New resources for mature age workers and online job searchers

Two new fact sheets have been published to the Career Centre website. One provides career tips for mature age workers, and the other contains online job searching advice.

The mature age workers fact sheet is intended to provide career tips for mature age job seekers whose circumstances have changed, or who want a mid-career change of direction, or those who want to keep working well after traditional retirement age.

The job searching online fact sheet provides tips on using websites and search engines to improve your chances at finding work opportunities online.

Career Centre fact sheets are designed to be brief, concise resources used to summarise key information around popular career planning topics. They are all written specifically for the Western Australian context, and are a useful starting point that can then direct you to further resources and organisations that may be able to provide additional information.

You can view all Career Centre fact sheets on the Career Centre website.

How can I use career information?

Researching the required duties, salary, training pathways and future career prospects of occupations that interest you will help you make smart career choices.

On the Career Centre website we have over 500 occupational profiles featuring a snap shot of everything you need to know when considering pursuing a particular career. Use the profiles and tips below to explore your options.

Broaden your horizons – if you are interested in early childhood education, broaden your options and explore careers in the community services industry or if you are interested in flying explore the aviation industry.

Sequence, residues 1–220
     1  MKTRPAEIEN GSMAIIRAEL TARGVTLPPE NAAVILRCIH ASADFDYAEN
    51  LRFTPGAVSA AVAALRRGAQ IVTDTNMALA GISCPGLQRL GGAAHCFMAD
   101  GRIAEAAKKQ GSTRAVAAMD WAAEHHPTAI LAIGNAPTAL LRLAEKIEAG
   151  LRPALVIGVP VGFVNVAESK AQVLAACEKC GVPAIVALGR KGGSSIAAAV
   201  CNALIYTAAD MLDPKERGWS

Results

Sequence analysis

Make sure your sources are valid – be aware of who is presenting the information and why. Different organisations and groups may present information differently depending on their goals.researching-reading-investigating-2

Make sure the information is current – check the information is up to date. Recognise that predictions about future trends need to be considered in combination with a range of information including individual interests, skills and values.

Investigate a range of sources – gather information from different sources and then compare them. This will help clarify your choices.

Think geographically – some specialised occupations may be regional or metropolitan specific and job prospects may vary according to location.

Be aware of patterns and themes – hopefully you will have spent some time working through the knowing yourself section of the Career Centre website. And if you haven’t, give it a go, as you may be able to see common themes and patterns that draw you to similar occupations or industry groups. Make sure you write these down.

What’s my next step?
The occupational profiles on the Career Centre site are intended to be used as a source of impartial information aimed at helping you to explore career pathways. Once you have selected a few specific occupations you could conduct more detailed research into those careers, including talking to people who know about the occupations and industries you are interested in, such as key industry groups.